Residents upset over Bucket Boys’ presence in Chatham
Community members in Chicago’s Chatham neighborhood have a nuisance on their hands. A group of teens who are attempting to make a living by beating on buckets at intersections, are viewed as problematic to some of the residents.
“I was living here before many of these street hustlers were born. How dare they come into my neighborhood, cause disruption and think residents are not going to say anything about it,” said Nellie Sanders, 71, who has lived in Chatham for 56 years.
The retired teacher added: “There are plenty of places these guys could go besides clogging up an intersection filled with businesses.”[…]
The busy intersection sits off the 87th Street Red Line station in Sawyer’s ward and the Chatham Ridge Mall, which is located across the street in Ald. Howard Brookins’ (21st) ward.
“For as long as I can remember that intersection has always had panhandlers selling their merchandise. But now, all of a sudden, it’s a big deal,” Brookins said. “At least they’re making an honest living and not selling stolen merchandise. But it is still a petty crime to solicit there, so I was thinking about having the island [in the street] narrowed to prevent panhandlers from standing there.”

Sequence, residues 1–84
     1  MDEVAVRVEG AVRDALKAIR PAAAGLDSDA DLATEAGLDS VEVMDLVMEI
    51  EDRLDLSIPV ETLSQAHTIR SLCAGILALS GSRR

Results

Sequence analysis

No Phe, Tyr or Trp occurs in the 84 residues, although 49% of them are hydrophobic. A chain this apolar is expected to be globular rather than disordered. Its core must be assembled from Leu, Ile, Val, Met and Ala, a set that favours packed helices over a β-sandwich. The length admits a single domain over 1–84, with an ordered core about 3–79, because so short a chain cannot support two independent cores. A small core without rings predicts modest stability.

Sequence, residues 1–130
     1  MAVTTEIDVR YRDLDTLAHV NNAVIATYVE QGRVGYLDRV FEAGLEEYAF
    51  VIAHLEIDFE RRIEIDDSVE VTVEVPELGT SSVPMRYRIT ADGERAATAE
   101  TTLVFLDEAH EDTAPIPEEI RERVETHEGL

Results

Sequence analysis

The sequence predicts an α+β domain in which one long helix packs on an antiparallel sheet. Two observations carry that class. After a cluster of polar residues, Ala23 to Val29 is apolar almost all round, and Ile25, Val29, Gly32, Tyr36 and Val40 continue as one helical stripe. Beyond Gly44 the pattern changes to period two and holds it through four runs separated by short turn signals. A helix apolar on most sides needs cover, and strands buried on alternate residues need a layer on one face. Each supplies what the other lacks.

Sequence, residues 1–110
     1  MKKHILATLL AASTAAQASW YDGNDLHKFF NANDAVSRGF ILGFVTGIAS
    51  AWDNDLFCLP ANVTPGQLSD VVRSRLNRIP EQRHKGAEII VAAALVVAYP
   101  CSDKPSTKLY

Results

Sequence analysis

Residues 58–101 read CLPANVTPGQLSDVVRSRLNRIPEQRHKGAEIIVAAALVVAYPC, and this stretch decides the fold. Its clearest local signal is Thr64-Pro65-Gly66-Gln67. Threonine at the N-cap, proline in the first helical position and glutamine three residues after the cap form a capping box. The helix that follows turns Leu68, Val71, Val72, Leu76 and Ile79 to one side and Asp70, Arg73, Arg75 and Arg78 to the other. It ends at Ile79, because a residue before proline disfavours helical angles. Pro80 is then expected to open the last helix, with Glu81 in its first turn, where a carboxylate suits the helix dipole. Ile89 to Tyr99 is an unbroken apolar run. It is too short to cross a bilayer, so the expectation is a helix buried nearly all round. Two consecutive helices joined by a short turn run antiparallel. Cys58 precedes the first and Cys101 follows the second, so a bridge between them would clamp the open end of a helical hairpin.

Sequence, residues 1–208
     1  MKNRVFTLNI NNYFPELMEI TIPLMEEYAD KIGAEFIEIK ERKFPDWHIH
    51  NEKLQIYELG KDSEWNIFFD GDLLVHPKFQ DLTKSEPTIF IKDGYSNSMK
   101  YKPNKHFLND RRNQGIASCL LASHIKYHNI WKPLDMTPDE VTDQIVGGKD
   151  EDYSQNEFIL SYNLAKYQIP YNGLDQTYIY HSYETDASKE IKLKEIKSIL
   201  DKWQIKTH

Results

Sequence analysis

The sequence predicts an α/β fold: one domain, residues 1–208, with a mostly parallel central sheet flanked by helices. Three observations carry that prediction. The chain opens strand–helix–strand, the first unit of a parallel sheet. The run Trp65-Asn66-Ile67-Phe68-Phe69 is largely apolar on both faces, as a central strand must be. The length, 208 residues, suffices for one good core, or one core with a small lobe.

Bucket boy D’Quan Jackson said he was able to visit Africa after raising $17,000 as a street performer in one year. The 19-year-old works as a bucket boy seven days a week at the intersection of 87th and State streets.
While city ordinance prohibits solicitation and panhandling in certain areas, there is little enforcement of the law.
“If we sell drugs or go out and rob people to make a living, then we’re wrong. Now we’re doing something legal like banging on buckets and receiving donations and people have a problem with that,” said Darnell Williams, a 21-year-old bucket boy. “We can’t win for losing. I make $400 a week hustling this corner playing my music. So, if people don’t like what we are doing, then they should go somewhere else.”
Sounds like the residents of Chatham are complaining about more of a systematic issue than just a few kids beating on buckets.
Do the residents of Chatham have a valid argument? Or should they be picking a fight with a larger entity than the bucket boys?
Sound off below!